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142. Linked List Cycle II

Description

Given a linked list, return the node where the cycle begins. If there is no cycle, return null.

There is a cycle in a linked list if there is some node in the list that can be reached again by continuously following the next pointer. Internally, pos is used to denote the index of the node that tail's next pointer is connected to. Note that pos is not passed as a parameter.

Notice that you should not modify the linked list.

 

Example 1:

Input: head = [3,2,0,-4], pos = 1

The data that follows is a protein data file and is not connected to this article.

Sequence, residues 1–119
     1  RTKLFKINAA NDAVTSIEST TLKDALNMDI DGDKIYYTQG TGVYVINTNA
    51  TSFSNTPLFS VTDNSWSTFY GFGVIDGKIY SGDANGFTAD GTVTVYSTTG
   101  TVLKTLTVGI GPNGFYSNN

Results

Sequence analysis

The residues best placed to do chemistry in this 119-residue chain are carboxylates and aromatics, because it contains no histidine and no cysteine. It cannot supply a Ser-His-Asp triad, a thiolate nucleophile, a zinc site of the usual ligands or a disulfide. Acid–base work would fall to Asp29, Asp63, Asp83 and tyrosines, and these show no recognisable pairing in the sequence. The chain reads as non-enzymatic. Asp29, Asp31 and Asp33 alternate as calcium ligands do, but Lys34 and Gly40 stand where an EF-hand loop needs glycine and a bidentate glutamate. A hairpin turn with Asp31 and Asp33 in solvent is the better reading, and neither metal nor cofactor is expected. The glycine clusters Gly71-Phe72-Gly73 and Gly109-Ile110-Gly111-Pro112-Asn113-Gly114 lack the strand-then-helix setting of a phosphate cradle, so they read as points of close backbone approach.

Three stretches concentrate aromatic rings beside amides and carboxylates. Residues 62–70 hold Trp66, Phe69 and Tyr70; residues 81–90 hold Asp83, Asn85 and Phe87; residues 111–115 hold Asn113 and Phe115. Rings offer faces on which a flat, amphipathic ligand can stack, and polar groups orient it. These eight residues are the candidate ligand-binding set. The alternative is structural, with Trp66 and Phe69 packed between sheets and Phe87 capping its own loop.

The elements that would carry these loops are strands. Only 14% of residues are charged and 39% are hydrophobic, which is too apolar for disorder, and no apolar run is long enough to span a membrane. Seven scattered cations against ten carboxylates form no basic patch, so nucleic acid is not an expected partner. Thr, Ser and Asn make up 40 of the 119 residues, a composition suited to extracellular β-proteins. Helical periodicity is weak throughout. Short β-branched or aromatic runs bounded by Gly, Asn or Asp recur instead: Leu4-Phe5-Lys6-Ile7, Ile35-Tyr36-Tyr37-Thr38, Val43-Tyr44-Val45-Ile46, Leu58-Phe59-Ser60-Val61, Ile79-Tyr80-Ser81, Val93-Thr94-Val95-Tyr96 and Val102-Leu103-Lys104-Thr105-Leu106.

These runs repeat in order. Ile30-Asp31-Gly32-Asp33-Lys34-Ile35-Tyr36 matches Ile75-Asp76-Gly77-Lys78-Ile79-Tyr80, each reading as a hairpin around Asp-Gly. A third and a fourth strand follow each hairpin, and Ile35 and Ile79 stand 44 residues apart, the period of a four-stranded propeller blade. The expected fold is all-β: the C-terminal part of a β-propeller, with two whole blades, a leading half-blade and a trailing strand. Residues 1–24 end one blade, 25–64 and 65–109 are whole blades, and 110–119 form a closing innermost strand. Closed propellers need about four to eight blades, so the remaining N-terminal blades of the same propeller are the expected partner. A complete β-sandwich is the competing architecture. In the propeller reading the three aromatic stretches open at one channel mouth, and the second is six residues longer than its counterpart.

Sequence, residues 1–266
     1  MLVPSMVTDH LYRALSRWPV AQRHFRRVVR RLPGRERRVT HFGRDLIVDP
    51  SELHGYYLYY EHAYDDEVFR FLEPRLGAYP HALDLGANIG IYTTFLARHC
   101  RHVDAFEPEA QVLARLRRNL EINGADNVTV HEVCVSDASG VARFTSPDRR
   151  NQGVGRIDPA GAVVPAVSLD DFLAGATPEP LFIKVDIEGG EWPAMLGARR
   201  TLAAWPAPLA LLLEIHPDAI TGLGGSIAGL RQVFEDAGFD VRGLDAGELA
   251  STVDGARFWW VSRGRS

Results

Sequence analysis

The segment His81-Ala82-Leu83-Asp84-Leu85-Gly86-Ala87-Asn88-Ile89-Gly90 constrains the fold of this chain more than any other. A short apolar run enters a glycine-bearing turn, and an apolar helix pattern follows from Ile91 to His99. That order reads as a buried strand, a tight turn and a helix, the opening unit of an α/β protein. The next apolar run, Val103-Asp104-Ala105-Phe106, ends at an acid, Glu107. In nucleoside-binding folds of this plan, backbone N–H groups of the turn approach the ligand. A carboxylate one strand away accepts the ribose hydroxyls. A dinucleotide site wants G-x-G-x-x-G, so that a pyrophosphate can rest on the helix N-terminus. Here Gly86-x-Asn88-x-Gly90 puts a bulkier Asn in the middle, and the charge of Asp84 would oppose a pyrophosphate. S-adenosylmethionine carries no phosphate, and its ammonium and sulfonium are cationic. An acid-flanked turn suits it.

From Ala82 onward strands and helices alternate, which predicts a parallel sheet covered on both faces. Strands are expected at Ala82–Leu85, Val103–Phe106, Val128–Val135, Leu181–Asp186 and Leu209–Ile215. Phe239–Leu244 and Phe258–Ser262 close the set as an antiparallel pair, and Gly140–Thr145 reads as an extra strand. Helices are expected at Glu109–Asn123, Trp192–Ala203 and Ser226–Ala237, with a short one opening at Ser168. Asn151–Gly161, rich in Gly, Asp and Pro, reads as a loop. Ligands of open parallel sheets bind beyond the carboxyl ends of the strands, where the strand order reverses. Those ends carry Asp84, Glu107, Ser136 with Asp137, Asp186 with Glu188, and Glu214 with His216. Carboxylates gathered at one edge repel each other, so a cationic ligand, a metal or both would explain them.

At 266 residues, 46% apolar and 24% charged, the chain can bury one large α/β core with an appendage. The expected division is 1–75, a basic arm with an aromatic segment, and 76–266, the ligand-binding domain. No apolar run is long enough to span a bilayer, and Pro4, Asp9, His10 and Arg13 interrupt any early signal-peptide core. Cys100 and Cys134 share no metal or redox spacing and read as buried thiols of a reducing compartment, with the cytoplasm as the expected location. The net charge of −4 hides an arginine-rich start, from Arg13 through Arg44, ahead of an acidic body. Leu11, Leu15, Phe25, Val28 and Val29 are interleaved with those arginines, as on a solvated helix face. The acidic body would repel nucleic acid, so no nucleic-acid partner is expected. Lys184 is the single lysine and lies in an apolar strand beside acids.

Output: tail connects to node index 1
Explanation: There is a cycle in the linked list, where tail connects to the second node.

Example 2:

Input: head = [1,2], pos = 0
Output: tail connects to node index 0
Explanation: There is a cycle in the linked list, where tail connects to the first node.

Example 3:

Input: head = [1], pos = -1
Output: no cycle
Explanation: There is no cycle in the linked list.

 

Constraints:

  • The number of the nodes in the list is in the range [0, 104].
  • -105 <= Node.val <= 105
  • pos is -1 or a valid index in the linked-list.

 

Follow up: Can you solve it using O(1) (i.e. constant) memory?

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